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In the second of Gunning District Landcare's 'Spring Series' seminars for 2019, we were treated to two passionate presentations about biodiversity on farms. Lori Gould, of Grassroots Consulting, addressed the ‘why’ of looking after biodiversity, reminding us of the importance of ecological connections on our farms and properties. She also demonstrated how easy it can be to plan biodiversity planting with some simple principles in mind, demonstrating on a map she pulled out from SIX maps (which is freely available for anyone).

Debra Butt then had us captivated with the story of how her family manages their farm, including the decision to fence off a large portion of their property as part of the Picaree Hill Conservation Project. The Project was a joint initiative involving local landholders, Murrumbateman Landcare Group, and Greening Australia. It also built on previous projects with the result that there is now 54km of habitat corridors spanning numerous properties! Debra also explained how her family makes everyday farm management decisions with the objective (and result) of maintaining groundcover at all times. This was fascinating to everyone in the room, and is a topic that will be further explored at our next seminar on 14th October.   

Wednesday, 21 August 2019 13:00

Understanding Soils For Better Land Management

The first of Gunning District Landcare's 'Spring Series' seminars for 2019 drew a large crowd to learn about how to get to know our soils, and how to apply this knowledge in land management decisions. The presenter, Katharine Brown, has a wealth of knowledge and a passion for teaching land managers how to understand their soils in more depth - and encouraged everyone to test their soils at depth! Katharine mentioned some valuable free resources and will be sharing still more in time. For now, it is well worth checking out these links:

Northern Rivers Soil Health Card: A soil management tool developed by farmers for farmers.The soil health card lists 10 straightforward visual soil tests that require simple equipment and can be carried out by one person in the field. It provides space for you to rate your own soils after carrying out the tests. By testing regularly and keeping the cards, you can build up a record of your soil health, and understand the effect of management practices on soil health.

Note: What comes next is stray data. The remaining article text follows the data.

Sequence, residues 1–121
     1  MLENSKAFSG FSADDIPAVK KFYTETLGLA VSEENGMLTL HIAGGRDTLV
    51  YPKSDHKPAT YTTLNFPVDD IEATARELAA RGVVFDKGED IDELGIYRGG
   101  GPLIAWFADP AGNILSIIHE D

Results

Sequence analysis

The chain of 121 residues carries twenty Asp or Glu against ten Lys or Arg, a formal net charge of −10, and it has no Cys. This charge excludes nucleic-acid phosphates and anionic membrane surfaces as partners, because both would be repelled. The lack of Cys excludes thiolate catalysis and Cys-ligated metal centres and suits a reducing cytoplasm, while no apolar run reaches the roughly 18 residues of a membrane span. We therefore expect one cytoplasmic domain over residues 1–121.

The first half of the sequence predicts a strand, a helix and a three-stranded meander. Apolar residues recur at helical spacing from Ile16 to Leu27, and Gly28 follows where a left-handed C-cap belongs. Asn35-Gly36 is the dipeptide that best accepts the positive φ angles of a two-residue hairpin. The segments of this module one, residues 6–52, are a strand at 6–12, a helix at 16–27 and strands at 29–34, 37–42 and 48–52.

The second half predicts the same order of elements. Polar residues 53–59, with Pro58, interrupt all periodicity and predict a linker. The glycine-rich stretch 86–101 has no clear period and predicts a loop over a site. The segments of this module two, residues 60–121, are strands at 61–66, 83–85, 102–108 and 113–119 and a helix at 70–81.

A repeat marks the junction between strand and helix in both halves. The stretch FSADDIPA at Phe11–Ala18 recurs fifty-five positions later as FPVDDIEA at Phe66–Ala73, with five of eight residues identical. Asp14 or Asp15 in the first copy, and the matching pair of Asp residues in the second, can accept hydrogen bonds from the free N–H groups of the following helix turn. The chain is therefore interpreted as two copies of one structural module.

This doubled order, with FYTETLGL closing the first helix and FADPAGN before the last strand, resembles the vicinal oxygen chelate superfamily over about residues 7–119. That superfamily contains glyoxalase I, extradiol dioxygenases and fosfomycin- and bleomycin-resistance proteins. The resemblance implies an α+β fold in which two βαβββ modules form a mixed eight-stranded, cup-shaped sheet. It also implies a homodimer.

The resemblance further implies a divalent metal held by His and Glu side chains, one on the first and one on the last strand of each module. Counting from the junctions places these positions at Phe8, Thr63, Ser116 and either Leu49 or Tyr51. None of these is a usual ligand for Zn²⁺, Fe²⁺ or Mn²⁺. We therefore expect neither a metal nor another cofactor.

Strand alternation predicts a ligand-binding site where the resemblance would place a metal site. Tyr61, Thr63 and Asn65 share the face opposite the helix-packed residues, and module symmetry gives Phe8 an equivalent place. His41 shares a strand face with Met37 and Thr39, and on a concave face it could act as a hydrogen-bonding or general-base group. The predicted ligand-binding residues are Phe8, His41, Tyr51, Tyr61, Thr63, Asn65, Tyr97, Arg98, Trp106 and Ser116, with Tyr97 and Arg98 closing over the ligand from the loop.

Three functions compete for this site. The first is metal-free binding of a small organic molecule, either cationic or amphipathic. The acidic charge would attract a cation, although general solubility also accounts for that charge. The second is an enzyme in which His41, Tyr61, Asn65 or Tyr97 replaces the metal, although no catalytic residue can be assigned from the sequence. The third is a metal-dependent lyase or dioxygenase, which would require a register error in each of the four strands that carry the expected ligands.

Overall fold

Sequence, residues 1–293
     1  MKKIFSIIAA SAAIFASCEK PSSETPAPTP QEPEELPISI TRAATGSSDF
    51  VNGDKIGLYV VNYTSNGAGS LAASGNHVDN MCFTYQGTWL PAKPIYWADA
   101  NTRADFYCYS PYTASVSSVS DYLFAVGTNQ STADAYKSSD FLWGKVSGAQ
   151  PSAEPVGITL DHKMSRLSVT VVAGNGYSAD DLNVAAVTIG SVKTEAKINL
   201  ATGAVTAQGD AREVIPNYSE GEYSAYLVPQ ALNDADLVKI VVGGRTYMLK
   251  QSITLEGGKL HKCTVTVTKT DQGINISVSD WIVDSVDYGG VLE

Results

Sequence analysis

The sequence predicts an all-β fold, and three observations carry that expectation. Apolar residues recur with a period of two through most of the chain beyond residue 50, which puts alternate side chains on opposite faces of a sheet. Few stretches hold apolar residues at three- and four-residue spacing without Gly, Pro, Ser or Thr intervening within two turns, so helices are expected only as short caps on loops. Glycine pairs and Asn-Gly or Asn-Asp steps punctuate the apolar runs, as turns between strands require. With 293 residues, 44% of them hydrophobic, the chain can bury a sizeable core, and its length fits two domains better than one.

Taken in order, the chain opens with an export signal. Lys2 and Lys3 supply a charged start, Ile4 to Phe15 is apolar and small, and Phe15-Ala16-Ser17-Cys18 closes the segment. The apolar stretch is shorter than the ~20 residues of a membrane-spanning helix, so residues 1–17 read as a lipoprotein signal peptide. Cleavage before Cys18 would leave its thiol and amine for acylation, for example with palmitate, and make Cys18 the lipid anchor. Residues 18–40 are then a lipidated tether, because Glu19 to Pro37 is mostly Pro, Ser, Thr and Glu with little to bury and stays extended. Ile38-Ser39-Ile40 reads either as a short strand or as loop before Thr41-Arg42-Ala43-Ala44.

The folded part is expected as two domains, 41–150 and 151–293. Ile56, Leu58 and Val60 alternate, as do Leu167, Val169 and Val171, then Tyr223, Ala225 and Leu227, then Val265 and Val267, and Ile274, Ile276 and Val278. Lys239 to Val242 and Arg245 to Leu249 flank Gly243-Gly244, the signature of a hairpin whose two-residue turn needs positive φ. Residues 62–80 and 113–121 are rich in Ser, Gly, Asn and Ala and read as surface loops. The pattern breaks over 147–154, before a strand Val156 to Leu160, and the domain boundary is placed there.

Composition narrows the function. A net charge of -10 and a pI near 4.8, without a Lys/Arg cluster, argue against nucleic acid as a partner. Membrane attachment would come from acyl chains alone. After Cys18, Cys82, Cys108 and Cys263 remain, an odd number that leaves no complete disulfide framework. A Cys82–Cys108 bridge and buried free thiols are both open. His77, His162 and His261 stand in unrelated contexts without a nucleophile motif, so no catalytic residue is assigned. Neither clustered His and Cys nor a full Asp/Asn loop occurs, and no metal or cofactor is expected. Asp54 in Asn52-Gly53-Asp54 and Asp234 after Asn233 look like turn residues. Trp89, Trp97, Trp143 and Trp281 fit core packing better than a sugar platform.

eSpade: eSPADE is a Google Maps-based information system that allows easy, no-cost, map-based access to a wealth of soil and land information from across NSW. The data accessible through eSPADE is sourced mainly from the NSW Soil and Land Information System (SALIS).

SoilMapp for iPad: Find out what's beneath your feet with SoilMapp which taps into the best available soil information from Australia's national soil databases. You can find out about the likely types of soil near you or you can look anywhere across the country.


Wednesday, 21 August 2019 10:55

'Brilliant Bees' at Gunning Library

Gunning District Landcare teamed up with our friends at Upper Lachlan Landcare for our latest School Holiday Activity. Bec Klamp from Upper Shoalhaven Landcare ran the activity on 'Brilliant Bees' at Crookwell Library in the morning, and then at Gunning Library in the afternoon. We learnt about different kinds of bees, including amazing buzz polinators such as the native Blue Banded Bee; the important role of bees in the environment, particularly as pollinators; what they need to thrive, such as pollen and nectar; and some of the threats that they face. Then we got to the really fun part of making our own bee hotels and seed bombs to grow bee-friendly plants in our own gardens and paddocks. A number of talented people also made fabulous clay replicas of some native bees. Good fun was had by all - thanks to Bec, the ever-supportive Gunning Library staff (who don't even complain when we make a big mess!), and the parents who stayed at the end to help clean up.